Fed Will Adopt “Helicopter Money” In The Next Couple of Years, Says Economist
Fed Will Adopt “Helicopter Money” In The Next Couple Of Years, Says Economist
Recently, US President Donald Trump stepped up his demands for easier monetary policy just hours after March employment showed stronger than expected job growth and little upward pressure on wages.
“I personally think the Fed should drop rates, they've really slowed us down,” Trump told reporters. “There's no inflation. In terms of quantitative tightening, it should be quantitative easing.”
Around the same time, Larry Kudlow, White House Economic Adviser said that they think the Fed went “too far” in its past hiking cycle and that the central bank could use “new thinking” for how supply-side dynamics influence the economy broadly.
In what could be said as prescient, Gluskin Sheff, a Canadian independent wealth management firm’s chief economist David Rosenberg during a discussion about how the “pause” by Fed impacted their monetary policy outlook declared that central bank would opt for something more radical by embracing MMT instead of giving QE another try.
As MacroVoice's Erik Townsend talked about the Fed’s ability to fight back another downturn, stating
“What I kind of see on the horizon is I think that if they try to propose another round of QE that looks like the last several, I think the political left is going to say “no way.”
There’s going to be a huge revolt and people are going to say, look, if you’re going to create money out of thin air, it needs to be helicopter money. Give it to the people, not to Wall Street.”
In response, Rosenberg said,
“The ensuing quantitative easings and incursions by the Bernanke Fed were all aimed at promoting a stronger stock market,”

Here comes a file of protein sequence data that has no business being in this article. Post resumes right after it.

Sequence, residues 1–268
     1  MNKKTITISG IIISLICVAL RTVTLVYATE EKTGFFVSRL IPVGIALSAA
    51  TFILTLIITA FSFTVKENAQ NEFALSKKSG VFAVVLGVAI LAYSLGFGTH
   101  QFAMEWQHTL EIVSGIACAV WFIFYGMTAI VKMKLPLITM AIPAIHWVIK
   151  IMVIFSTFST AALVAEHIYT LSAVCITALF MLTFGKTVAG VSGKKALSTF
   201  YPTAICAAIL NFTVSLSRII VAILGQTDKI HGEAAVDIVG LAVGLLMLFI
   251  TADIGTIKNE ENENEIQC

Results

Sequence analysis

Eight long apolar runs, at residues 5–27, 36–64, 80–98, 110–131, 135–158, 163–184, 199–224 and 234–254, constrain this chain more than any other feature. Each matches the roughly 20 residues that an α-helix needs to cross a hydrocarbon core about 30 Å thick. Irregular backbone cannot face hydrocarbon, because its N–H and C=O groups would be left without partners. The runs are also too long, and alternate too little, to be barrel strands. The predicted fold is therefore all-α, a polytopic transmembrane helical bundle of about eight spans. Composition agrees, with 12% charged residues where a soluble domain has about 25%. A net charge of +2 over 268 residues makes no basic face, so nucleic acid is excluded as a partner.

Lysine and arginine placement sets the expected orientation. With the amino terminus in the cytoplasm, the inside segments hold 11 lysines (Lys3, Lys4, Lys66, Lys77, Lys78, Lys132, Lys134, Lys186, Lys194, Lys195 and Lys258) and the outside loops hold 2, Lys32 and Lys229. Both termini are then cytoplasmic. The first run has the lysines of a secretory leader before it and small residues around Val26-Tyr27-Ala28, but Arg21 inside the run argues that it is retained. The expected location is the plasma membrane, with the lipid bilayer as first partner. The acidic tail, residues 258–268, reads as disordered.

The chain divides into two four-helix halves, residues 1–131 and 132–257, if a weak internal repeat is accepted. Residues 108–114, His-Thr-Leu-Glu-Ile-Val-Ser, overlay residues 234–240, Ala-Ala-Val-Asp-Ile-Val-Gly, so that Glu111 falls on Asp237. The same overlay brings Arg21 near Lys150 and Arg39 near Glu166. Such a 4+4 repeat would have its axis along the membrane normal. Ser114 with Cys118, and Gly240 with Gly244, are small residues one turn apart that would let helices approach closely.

“not only do we have record income inequality, but this created a situation of also record wealth inequality. With no evident impacts that it had any significant multiplier impacts on overall economic growth.”
Historically, when the US has entered a recession, the Fed has to cut interest rates by 500 basis points to help the economy get back onto the track for growth. With the backdrop of this, Rosenstein further elaborates,
“When push came to shove and you look at what’s called the shadow Fed funds rate (and you can see this on the St. Louis Fed website), de facto, with the balance sheet effect, the funds rate actually went to minus 5% this cycle. People don’t realize how aggressive the Fed got.”
Now, historically, whatever the Fed might add to its balance sheet, it won’t have much of an impact and that’s why Rosenstein expects the central bank to engage in monetization in
“in the next couple years.”
He says, with debt monetization or helicopter money the Treasury could put a 100-year bond or a 5-trillion-dollar coin on the balance sheet of the Fed.
“And the Fed prints that money and then hands it over to the Treasury to do with it what you would like. And you don’t have to change the tax system. You don’t have to change any laws and have it held up in the House or the Senate. And there’s a whole bunch of things you could do with that money to try and stimulate aggregate demand.”
This he says will create a “whole new inflationary experience” and we will get worried about inflation at some point and then only deal with it.